André Cluytens recorded 'Les Contes d'Hoffmann'
twice. The first time was in 1948 with a cast of French singers
in a production based on the Opéra-Comique. This second
recording dates from the 1960s and is a deliberate attempt to
create a star vehicle. Both versions used the Choudens version
with Guiraud recitatives. Neither version attempts to present
the work with spoken dialogue or to explore what Offenbach originally
wrote. But there remains a very big difference between them, and
this later one is perpetually having to compete with its older
sister. Where the older recording scores is that it presents a
fine array of the leading French singers of the 1940s. Almost
uniquely, it is a recording of the work with an idiomatic French
sound and this is something that few subsequent recordings have
captured. The cast on this later recording is more international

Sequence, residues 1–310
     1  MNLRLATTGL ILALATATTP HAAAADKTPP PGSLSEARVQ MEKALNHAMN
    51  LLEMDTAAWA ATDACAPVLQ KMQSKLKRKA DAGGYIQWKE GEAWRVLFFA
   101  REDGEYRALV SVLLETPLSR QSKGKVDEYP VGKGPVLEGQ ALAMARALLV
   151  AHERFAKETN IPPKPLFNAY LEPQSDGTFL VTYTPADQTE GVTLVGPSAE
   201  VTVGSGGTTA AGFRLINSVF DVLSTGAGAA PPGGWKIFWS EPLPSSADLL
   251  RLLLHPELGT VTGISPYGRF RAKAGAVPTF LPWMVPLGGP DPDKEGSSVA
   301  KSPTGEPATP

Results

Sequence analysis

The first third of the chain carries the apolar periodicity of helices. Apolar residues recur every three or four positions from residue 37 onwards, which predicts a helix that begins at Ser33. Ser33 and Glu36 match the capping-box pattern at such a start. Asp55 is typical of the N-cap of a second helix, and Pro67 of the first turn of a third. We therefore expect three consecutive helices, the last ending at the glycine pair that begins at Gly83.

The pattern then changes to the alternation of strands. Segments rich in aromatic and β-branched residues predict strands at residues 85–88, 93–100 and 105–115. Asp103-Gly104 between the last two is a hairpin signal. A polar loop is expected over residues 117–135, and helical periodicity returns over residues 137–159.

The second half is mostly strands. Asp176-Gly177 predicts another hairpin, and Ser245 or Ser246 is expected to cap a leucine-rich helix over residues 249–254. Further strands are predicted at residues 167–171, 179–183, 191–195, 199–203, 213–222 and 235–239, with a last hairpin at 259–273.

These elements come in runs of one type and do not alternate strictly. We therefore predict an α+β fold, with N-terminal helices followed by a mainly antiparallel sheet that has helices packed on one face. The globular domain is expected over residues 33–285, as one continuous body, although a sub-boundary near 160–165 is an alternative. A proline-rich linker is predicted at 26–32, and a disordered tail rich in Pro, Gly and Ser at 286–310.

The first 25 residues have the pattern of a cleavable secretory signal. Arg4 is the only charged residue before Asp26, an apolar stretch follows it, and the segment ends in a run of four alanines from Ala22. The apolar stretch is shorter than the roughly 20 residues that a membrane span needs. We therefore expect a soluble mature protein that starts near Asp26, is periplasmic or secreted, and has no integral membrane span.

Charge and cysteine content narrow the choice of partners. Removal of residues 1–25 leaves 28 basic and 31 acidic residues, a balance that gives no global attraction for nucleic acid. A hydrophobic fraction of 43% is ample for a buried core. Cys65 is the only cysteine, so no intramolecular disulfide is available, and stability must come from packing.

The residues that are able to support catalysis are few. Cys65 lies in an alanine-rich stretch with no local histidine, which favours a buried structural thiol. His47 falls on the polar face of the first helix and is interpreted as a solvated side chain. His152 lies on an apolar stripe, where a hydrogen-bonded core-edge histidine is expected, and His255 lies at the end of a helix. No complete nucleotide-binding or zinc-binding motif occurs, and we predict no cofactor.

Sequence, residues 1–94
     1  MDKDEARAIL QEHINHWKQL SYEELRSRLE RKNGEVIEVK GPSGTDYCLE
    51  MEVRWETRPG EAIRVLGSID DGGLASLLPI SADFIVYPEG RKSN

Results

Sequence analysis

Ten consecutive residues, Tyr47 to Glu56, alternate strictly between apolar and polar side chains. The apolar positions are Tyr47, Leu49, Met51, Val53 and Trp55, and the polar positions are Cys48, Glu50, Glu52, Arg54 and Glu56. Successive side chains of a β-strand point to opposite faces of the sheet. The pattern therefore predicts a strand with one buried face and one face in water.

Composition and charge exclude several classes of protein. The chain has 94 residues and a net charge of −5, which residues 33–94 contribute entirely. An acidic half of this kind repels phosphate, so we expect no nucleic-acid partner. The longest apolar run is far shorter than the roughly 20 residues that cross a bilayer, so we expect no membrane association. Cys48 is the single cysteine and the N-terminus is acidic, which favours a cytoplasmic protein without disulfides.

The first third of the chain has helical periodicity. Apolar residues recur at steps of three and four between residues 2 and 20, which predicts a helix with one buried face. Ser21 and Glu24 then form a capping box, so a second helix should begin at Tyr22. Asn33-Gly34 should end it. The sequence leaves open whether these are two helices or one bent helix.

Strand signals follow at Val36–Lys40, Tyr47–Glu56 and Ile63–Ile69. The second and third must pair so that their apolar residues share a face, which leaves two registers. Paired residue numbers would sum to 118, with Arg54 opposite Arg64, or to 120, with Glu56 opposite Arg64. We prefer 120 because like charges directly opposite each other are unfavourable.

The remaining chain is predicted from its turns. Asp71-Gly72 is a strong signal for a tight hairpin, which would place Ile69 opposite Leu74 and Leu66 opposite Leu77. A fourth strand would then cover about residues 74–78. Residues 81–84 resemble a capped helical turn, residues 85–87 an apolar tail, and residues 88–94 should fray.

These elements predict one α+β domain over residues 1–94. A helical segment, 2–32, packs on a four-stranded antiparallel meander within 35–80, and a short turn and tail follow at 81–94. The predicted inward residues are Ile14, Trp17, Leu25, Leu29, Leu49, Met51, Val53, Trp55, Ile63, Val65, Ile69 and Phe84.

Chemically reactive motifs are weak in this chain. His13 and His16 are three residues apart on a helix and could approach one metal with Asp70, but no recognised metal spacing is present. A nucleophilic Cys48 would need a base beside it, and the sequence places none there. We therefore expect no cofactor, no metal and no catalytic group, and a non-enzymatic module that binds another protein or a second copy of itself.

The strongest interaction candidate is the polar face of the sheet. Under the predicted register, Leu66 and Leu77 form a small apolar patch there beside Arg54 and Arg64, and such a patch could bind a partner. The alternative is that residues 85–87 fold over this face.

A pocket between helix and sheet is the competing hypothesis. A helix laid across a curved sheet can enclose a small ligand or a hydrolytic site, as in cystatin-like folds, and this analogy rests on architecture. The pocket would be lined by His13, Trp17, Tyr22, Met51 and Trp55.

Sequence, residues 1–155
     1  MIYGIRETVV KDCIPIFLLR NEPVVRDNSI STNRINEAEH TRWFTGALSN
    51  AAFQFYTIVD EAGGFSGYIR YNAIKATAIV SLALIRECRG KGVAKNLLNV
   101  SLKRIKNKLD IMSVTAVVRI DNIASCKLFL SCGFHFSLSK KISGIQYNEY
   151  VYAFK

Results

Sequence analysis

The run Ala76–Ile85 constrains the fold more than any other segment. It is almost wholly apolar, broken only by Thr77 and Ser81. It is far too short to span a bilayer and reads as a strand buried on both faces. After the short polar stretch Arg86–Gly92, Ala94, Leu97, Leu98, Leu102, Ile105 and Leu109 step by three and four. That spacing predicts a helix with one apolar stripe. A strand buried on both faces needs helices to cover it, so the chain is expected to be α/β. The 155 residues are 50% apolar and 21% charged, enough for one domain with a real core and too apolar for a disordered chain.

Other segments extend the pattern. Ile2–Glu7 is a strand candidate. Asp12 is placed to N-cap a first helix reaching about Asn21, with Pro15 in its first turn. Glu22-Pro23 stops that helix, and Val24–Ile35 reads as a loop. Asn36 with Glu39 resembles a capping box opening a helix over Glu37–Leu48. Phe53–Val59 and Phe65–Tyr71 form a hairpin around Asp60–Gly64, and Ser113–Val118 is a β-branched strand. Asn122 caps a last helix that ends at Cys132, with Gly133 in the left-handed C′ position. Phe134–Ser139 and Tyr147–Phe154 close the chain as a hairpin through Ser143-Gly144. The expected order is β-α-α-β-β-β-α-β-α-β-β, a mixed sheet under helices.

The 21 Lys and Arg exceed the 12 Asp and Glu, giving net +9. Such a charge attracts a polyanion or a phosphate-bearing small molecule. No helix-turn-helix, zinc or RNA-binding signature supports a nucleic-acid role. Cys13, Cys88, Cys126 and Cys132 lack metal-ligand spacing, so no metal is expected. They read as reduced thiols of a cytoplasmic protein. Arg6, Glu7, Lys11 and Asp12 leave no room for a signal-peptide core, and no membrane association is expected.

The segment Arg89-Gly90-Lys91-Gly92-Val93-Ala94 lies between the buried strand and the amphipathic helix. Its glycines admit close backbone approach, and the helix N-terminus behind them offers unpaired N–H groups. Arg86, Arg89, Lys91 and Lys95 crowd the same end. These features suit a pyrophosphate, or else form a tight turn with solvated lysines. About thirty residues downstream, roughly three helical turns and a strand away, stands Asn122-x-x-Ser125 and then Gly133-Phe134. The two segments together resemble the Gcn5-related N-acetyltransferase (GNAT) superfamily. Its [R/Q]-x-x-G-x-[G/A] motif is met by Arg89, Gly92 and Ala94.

and no matter how idiomatic their French, something is lost.
'Les Contes d'Hoffmann' suffers from similar
textual problems to Bizet's 'Carmen' and for a similar reason
- the composer's death. In fact the librettists of 'Carmen' also
wrote libretti for Offenbach's operettas (though not 'Les Contes
d'Hoffmann') and both operas were written for the Opéra
Comique, so spoken dialogue was essential even if the works are
of a more serious bent. And both libretti are shot through with
stock Opéra Comique characters such as students, smugglers
and the like. But 'Carmen' has a distinct textual advantage over
'Les Contes d'Hoffmann'. Bizet survived to see the opera through
to performance and the vocal score through to publication. Offenbach
did not. Granted he did complete a vocal score and Michael Kaye